And so back to Schonberger on stage in Coventry: an intensive two-day nurturing session. At the end of the second day, Jeremy Paul, Amtico's production director, is visibly limp with relief. The employees are filing out, clutching their thick bound copies of Schonberger's slides and notes. The title, Working to World Class Standards, will leave them in no doubt as to the task ahead. "It was an enormous amount of material," concedes Paul. "But you have to go through it - and no one can say now that they haven't been told."
The objective of the session was twofold. Firstly, to educate. People can't move towards Just-in-time or Total Quality without understanding the principles. Fine and conventional enough but the second objective is less so: to make a company-wide statement which will not only demonstrate the company's intent but also win employees' hearts and minds. For both Paul and MD John Harris are absolutely adamant that change will take place: the company is going to become "world class". And in fact, Schonberger's presence indicates that a small bridgehead has already been established. With the help of Schonberger's UK consultancy arm, Hampshire-based World Class International, a product line that, in Paul's words, "was so bad that it couldn't get any worse", has been successfully transformed.
The manufacturing time has been cut from three weeks to three days. A tortuous process that took the product on a four-mile journey through five separate departments has been replaced by a single manufacturing cell with a total flow distance of a hundred yards. Inventory levels have dropped by 65%; and quality has improved.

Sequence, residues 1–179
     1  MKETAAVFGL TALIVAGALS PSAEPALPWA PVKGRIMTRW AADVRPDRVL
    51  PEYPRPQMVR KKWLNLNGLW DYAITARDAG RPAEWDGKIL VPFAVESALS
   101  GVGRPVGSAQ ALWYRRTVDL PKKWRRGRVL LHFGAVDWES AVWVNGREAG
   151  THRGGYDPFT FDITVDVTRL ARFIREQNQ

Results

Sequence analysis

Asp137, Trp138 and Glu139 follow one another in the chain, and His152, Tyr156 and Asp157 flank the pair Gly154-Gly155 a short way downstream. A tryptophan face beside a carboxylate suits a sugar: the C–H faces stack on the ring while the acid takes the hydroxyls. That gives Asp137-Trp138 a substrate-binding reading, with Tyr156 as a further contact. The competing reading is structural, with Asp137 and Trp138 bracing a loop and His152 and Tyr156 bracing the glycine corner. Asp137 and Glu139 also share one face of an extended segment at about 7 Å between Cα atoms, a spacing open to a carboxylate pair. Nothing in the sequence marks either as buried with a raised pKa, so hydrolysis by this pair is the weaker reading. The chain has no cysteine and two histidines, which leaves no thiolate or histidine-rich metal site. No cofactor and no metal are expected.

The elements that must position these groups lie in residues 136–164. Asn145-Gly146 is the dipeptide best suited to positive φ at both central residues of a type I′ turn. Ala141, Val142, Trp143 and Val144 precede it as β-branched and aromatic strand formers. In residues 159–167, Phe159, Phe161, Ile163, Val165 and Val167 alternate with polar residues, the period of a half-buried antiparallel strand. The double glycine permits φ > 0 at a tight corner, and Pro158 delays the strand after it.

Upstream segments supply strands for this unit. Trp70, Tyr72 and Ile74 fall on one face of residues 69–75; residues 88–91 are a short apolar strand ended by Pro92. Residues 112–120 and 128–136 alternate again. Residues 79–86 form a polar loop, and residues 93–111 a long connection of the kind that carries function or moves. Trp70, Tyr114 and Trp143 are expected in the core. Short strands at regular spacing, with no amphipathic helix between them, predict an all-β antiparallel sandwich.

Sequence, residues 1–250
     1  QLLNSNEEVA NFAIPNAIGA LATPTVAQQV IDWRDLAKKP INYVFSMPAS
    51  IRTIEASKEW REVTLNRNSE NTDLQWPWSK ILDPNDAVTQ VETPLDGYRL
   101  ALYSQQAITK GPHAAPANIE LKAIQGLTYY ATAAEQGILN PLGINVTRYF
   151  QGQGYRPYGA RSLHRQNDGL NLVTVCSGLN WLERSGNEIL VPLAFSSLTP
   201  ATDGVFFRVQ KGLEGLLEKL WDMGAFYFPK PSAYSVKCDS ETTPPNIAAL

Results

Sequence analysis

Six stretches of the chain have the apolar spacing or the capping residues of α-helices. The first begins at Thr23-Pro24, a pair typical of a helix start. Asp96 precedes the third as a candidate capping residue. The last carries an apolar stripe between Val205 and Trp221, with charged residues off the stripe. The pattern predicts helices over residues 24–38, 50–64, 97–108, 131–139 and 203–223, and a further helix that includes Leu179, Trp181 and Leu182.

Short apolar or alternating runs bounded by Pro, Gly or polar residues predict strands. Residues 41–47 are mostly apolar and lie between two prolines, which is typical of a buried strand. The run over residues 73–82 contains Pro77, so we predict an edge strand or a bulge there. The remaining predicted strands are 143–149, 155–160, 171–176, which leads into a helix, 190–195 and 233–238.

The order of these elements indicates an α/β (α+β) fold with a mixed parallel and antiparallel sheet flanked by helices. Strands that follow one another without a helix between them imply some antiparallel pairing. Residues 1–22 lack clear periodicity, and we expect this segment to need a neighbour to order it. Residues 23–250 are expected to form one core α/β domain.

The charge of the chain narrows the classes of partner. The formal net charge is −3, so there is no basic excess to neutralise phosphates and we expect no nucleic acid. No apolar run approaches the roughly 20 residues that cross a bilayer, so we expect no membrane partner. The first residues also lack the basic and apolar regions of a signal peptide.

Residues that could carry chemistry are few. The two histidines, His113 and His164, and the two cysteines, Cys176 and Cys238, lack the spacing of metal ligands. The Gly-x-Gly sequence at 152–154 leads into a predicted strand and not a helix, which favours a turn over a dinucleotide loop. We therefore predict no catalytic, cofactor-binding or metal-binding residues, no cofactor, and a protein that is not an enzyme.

Now Paul and Harris want to move on. But stepping up from one cell to 15 - from just one part of the factory to the whole of it - is an enormous leap. Change on that scale cannot simply be imposed from on high; it has to be achieved collectively. The stakes, too, are high. One of Paul's objectives is a tenfold reduction in the company's internal defects rate - from 5% to 0.5% - within the year.
They have, in Schonberger's eyes, already overcome one of the biggest obstacles to change that they faced: the "commitment barrier". "The man at the top has to get religion before the troops will," he says, warning that "sometimes they are just too busy playing with mergers and acquisitions". And change on this scale requires getting religion in a big way. Even back in the US, which Schonberger regards as being hit more severely by Japanese competition than the UK, many companies get it too little - and too late. Large companies, he warns, are too liable to get bogged down in internecine warfare between the various power factions. There's often a tendency to concentrate on reporting efficiency rather than achieving it.